Gobbet_8_Externalities_Solution_Problem_Set

Gobbet_8_Externalities_Solution_Problem_Set - Gobbet #87:...

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Gobbet #87 : Externalities: Solution (These problems are adapted from Callan and Thomas: Environmental Economics and Management , 2004) Recall the demand and supply schedules for the bottled water market. PRICE (P) Quantity Demanded by Consumers (bottles/month) Quantity Supplied by Producers (bottles/month) $0.50 1,100 100 1.00 1,050 300 1.50 1,000 500 2.00 950 700 2.50 900 900 3.00 850 1,100 3.50 800 1,300 4.00 750 1,500 4.50 700 1,700 5.00 650 1,900 Now assume that the bottles in which the water is sold are creating pollution. In fact, for each discarded water bottle, society would have to pay $1.00 to abate the pollution the bottle causes.
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SOLUTION: Graphically show the marginal cost curve and the social marginal cost curve. The marginal cost curve is simply the inverse supply curve you found in earlier gobbets. To determine the social marginal cost curve, we add the amount of the pollution cost to the marginal cost curve. This, in effect, shifts the marginal cost curve upward (or, equivalently the supply curve to the left). Graphically we have: Marginal Cost and Social Marginal Cost Curves 0 4 8 12 0 500 1,000 1,500 2,000 Bottles of Water Price Marginal cost curve Social marginal cost curve Find the equation that corresponds with the social marginal cost curve. (Remember that the marginal cost curve is also called the inverse supply curve.) Recall that the equation for the marginal cost curve (also called inverse supply) is: MC = 0.0025 Q s + .25 To obtain the social marginal cost (SMC) curve, we add the cost of the externality to this equation: SMC = 0.0025 Q s + .25 + 1.00 = 0.0025 Q s + 1.25 Note that by adding 1.00 to this equation, the intercept shifts up by this amount, and thus every point along the marginal cost curve also shifts up by 1.00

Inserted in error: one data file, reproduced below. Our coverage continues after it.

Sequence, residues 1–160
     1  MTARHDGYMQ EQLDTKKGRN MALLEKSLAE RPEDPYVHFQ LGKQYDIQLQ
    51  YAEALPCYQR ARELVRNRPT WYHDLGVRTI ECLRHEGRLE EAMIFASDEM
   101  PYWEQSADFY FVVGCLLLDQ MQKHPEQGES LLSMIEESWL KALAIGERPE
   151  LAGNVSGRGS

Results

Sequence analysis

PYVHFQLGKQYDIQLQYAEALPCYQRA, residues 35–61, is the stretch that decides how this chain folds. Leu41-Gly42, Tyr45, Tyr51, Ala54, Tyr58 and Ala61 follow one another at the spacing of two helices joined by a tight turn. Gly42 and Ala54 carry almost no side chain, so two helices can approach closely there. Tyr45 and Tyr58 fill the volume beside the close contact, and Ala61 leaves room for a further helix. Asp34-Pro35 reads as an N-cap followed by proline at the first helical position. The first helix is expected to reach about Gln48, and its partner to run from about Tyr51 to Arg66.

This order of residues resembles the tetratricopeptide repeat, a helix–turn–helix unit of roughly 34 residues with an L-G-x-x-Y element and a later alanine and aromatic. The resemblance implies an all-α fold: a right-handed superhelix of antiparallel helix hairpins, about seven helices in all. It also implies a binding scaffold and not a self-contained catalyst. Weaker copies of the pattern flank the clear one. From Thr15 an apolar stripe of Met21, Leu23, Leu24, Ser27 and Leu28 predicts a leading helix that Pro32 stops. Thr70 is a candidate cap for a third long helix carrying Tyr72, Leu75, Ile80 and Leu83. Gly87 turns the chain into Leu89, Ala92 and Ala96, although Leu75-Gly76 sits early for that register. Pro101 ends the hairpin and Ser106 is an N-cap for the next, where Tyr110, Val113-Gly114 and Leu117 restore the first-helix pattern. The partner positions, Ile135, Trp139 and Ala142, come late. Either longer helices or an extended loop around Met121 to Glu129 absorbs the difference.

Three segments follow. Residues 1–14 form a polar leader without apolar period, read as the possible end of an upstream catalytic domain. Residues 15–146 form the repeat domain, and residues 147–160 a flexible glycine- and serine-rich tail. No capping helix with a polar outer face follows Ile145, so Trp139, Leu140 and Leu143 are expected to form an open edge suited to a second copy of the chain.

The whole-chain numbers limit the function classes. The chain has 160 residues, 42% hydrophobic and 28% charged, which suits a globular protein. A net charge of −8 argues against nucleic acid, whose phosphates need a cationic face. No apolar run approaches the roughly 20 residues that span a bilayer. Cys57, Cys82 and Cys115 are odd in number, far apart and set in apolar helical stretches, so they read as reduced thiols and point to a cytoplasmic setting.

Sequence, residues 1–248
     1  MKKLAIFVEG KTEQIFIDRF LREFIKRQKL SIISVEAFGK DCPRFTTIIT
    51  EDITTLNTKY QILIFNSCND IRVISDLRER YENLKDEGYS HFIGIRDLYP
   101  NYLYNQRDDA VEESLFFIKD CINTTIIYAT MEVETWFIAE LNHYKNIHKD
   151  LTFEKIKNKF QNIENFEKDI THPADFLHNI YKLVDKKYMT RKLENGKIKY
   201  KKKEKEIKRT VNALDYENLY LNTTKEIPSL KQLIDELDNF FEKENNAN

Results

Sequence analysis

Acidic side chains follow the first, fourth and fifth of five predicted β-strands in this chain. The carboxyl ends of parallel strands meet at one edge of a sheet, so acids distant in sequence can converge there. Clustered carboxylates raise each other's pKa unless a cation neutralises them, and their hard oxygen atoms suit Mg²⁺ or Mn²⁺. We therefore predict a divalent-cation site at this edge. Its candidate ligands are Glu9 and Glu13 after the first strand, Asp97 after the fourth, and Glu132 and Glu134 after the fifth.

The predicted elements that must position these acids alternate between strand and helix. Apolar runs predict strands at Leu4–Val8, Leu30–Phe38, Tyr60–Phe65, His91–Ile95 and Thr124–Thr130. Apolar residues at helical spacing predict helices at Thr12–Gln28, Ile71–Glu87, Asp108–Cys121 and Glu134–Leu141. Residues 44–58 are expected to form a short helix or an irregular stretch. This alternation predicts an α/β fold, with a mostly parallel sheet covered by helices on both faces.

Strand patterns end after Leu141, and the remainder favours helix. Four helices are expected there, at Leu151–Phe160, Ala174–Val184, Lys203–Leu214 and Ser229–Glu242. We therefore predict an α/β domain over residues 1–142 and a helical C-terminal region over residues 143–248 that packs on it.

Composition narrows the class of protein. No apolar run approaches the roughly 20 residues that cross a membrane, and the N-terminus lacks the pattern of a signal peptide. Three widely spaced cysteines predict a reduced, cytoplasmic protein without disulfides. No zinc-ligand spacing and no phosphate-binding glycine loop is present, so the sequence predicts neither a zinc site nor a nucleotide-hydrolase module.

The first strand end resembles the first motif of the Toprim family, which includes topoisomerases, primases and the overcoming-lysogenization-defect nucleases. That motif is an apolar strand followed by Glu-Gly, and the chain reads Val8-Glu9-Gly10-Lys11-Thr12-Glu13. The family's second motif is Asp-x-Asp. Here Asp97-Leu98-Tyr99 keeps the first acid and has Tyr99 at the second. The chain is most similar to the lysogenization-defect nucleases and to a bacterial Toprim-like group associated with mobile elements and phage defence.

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Gobbet_8_Externalities_Solution_Problem_Set - Gobbet #87:...

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